or you, and to your tomb will lead my troops of friends, taking a fond farewell of you.” But now I am not to be buried by you, but you, the younger one, a wretched corpse, are buried by me, on whom old age has come with loss of home and children. Ah me, those kisses numberless, the nurture that I gave to you, those sleepless nights—they all are lost! What shall the bard inscribe upon your tomb about you? Argives once for fear of him slew this child? Foul shame should that inscription be to Hellas. O child, though you have no part in all your father's wealth, yet shall you have his brazen shield in which to find a tomb. Ah! shield that kept safe the comely arm of Hector, now have you lost your valiant keeper! How fair upon your handle lies his imprint, and on the rim that circles around are marks of sweat, that trickled often from Hector's brow as he pressed it against his beard in battle's stress. Come, bring forth, from such store as you have, adornment for the hapless dead, for f
Euripides, The Trojan Women (ed. E. P. Coleridge), line 122 (search)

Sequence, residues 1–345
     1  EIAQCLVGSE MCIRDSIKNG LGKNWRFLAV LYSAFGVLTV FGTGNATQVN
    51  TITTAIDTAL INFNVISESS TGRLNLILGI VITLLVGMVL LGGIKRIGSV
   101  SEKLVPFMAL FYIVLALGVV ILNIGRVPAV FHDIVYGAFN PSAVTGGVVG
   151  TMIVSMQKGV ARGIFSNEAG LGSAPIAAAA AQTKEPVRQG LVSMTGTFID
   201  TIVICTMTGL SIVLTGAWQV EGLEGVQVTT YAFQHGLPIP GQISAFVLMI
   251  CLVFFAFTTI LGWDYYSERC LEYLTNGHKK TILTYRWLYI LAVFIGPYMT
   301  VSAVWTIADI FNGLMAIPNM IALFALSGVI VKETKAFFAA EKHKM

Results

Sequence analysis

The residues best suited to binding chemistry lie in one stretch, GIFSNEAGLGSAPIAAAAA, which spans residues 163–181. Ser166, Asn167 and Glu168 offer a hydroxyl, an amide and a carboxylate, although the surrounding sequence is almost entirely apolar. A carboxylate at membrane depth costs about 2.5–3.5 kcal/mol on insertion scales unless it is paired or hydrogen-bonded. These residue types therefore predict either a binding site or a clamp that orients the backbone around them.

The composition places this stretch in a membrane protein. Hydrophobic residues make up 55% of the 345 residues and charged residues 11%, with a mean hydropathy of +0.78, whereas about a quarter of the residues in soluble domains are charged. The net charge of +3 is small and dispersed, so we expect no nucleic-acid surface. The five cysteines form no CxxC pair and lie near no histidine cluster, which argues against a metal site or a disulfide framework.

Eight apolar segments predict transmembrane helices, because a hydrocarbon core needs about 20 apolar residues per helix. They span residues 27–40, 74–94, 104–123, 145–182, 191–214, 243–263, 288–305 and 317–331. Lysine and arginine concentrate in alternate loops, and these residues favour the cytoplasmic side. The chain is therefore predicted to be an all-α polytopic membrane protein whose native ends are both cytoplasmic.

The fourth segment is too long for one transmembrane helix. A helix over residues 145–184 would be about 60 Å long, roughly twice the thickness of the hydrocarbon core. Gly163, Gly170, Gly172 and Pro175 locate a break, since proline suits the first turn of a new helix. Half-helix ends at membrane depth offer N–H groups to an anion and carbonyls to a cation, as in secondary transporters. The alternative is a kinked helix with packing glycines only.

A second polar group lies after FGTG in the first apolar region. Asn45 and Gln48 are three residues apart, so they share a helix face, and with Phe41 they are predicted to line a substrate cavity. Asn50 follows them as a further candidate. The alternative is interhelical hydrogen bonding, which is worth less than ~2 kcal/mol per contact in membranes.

You swift-prowed ships, rowed to sacred Ilium over the deep dark sea, past the fair havens of Hellas, to the flute's ill-omened music and the dulcet voice of pipes, to the bays of Troy, alas! where you tied your hawsers, twisted handiwork from Egypt, in quest of that hateful wife of Menelaus, who brought disgrace on Castor, and on Eurotas foul reproach; who murdered Priam, the father of fifty children; the cause why I, the unhappy Hecuba, have wrecked my life upon this disastrous strand. Oh that I should sit here, over against the tent of Agamemnon! As a slave I am led away from my home, an old woman, while from my head the hair is piteously shorn for grief. Ah! unhappy wives of those armored sons of Troy! Ah! poor maidens, luckless brides, come weep, for Ilium is now a smouldering ruin; and I, like some mother-bird that over her fledgelings screams, will begin the strain; not the same as that I once sang to the gods, as I leaned on Priam's staff and beat with my foot in Phrygia
Euripides, The Trojan Women (ed. E. P. Coleridge), line 386 (search)